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ROV detects leaks in Deepwater Horizon well cap

Monday, July 19, 2010

As many as four leaks have been detected in the Deepwater Horizon well cap in the Gulf of Mexico, according to live footage shot by one of BP's ROVs (Remote Operated Vehicles). The leaks were detected early this morning, just after 4:00 (EDT).

The HOS SUPER H ROV 1 made the discovery while performing an "integrity survey" of the well and well cap. It recorded what appears to be a thin metal pipe lining the outside of the oil cap. Four small leaks of what appear to oil bubbles were detected during this survey. The first appears just after the elbow connecting the pipe to the two green pipes. The second can be seen through the hole of the large metal ring. The third is seen just to the right of the metal ring.

Hydrocarbon builds up as oil and gas leaks from a pipe.
Image: BP.

It is not yet known what the pipe carries or what it connects to. It is also not yet clear if all leaks are from the pipe, or leaking from the well. BP confirmed the leaks and told Wikinews in a phone call to their Houston, Texas press office, there is a "small leak" releasing hydrates consisting of gases and oil. They are "studying the issue" and are prepared to fix the pipe if it becomes an issue. Live camera feeds show hydrocarbons building up as the oil and gas leak from the pipe.

On July 18, ROV cameras showed bubbles coming from the base of well. BP said it would test the bubbles to determine what they are and as of Sunday, COO of BP Doug Suttles says the bubbles are not methane, but further tests are being conducted. "If you can imagine, it is not an easy operation to collect those bubbles so that they can be tested to see what their make-up is."

Yesterday an unnamed United States official told the Associated Press that there was "seepage" coming from the area at the bottom of the Deepwater well head. The official said the seepage and methane gas were discovered near the Deepwater well head, but did not specify an exact location. Admiral Thad Allen, a former US Coast Guard admiral who is overseeing the spill efforts for the US government said yesterday in a letter to BP that ROVs "detected seep a distance from the well and undetermined anomalies at the well head." So far there is no word what those substances are, but BP says the bubbles detected on July 18 are not of a hydrocarbon nature.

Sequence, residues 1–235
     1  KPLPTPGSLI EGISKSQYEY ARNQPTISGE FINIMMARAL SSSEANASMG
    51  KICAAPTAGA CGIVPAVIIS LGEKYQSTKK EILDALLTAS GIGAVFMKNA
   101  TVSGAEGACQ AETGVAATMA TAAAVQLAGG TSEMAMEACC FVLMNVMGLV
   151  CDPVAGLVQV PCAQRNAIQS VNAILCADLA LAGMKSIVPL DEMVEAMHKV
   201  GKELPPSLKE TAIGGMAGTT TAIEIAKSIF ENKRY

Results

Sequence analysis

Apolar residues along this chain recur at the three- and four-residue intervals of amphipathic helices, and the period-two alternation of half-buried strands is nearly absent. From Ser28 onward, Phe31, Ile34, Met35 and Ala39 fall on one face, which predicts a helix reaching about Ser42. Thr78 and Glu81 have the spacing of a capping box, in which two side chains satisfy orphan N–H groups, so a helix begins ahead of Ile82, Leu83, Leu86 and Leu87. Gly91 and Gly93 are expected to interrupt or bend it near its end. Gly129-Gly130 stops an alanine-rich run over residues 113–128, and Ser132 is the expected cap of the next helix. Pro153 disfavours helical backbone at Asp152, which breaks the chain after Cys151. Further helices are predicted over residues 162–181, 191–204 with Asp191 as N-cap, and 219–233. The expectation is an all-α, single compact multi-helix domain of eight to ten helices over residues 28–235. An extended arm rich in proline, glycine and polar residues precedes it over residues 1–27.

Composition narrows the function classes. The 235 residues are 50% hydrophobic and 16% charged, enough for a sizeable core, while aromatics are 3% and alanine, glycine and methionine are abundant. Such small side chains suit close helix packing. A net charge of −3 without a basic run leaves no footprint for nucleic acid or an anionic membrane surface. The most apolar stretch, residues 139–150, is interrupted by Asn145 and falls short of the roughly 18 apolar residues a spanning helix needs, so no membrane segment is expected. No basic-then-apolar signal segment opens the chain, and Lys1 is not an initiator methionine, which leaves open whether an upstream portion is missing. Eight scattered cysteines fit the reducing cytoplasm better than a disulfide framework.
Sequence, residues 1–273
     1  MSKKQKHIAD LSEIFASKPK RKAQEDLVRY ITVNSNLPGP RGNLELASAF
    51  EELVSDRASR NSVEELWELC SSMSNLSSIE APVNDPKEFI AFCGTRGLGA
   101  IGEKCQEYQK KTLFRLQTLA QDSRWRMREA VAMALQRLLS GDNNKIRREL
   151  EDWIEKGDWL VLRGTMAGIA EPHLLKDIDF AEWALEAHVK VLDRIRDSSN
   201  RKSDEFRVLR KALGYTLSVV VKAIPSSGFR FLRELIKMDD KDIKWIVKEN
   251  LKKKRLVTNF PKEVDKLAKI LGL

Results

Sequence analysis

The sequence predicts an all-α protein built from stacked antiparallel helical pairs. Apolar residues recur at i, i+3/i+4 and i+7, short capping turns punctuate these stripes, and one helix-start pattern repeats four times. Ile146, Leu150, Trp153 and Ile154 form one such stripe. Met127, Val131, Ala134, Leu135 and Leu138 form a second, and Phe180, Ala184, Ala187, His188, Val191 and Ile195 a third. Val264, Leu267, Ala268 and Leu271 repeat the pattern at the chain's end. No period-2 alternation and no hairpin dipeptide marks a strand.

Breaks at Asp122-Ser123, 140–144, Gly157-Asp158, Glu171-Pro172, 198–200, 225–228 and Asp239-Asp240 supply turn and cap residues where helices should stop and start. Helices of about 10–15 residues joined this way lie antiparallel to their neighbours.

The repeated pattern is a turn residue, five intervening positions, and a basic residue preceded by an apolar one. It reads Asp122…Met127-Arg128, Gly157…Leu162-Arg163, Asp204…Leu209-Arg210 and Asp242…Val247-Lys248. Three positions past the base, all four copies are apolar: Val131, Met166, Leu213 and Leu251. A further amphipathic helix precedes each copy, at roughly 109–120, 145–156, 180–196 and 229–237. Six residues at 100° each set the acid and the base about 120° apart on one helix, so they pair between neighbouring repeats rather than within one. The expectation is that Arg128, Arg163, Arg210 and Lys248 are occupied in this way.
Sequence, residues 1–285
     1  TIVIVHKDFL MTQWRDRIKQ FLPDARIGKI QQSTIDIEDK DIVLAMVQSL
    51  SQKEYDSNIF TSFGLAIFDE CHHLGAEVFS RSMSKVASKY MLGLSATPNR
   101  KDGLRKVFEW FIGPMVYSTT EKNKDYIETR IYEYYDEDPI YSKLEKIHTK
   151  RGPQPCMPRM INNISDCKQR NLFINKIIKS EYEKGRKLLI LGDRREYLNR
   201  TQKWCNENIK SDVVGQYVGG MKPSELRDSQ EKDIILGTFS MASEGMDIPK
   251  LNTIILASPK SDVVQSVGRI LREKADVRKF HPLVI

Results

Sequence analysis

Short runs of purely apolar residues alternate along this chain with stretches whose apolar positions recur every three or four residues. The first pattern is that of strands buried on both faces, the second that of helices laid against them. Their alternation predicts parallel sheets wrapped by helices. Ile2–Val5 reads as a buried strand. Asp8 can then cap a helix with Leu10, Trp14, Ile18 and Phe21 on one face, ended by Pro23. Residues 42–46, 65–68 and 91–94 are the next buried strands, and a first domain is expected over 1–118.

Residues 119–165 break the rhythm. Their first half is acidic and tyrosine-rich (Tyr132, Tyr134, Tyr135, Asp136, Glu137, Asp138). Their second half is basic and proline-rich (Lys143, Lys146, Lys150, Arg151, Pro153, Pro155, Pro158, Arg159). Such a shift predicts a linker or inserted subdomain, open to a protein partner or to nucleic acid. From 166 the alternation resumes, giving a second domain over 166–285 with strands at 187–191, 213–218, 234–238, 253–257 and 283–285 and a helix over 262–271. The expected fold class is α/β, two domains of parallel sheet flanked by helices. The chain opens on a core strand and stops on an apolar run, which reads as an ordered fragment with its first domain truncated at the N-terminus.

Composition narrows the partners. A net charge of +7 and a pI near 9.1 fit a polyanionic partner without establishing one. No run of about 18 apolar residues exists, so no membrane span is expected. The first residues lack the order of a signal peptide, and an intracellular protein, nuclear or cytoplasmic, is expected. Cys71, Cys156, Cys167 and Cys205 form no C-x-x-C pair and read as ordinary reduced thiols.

"When seeps are detected, you are directed to marshal resources, quickly investigate, and report findings to the government in no more than four hours," said Allen in his letter to BP. During a press conference today, Allen confirmed seepage about 3km from the well point. He could not specify whether the seep was related to the capping of the well or if it is naturally occurring.

On June 13 the Viking Poseidon ROV (Remote Operated Vehicle) 1 recorded oil and methane seeping from the seafloor at around 2:48 a.m.. The ROV monitors the seep for a minute and even gets covered in a plume of oil and sand before it moved on to the next spot. Smaller eruptions were seen as the ROV traveled. After an investigation, Wikinews determined that the seepage was located just over 50 feet from the Deepwater leak point. BP has denied that any oil or methane gas is leaking from the sea floor. On July 16, Kent Wells, the senior vice president of the company, said on their official Twitter page that "4 ROVs using sonar scanning [are] looking for anomalies in seabed floor. No indications any oil or gas escaping."

BP issued a press release earlier this morning, but did not state information regarding any leaks or seepage from the well. BP did say that the well cap "measured at approximately 6,792 pounds per square inch and continues to rise slowly."

The Deepwater Horizon oil spill started on April 20 after an explosion on the rig. Efforts to put out the fire failed and the rig subsequently sank to the bottom of the Gulf. On April 22, an oil slick appeared on the surface of the Gulf. BP capped the leaking well on July 13 which effectively stopped oil from leaking into the Gulf. The company has been running a pressure integrity test on the 150,000 pound cap since it stopped the flow of oil. BP hopes for the well's pressure to rise to or above 7,500 PSI. As of Saturday morning the well's pressure was just above 6,700 PSI. BP fears anything lower than the expected PSI could mean a leak in the cap or elsewhere, such as oil or methane seeping up from the seafloor.


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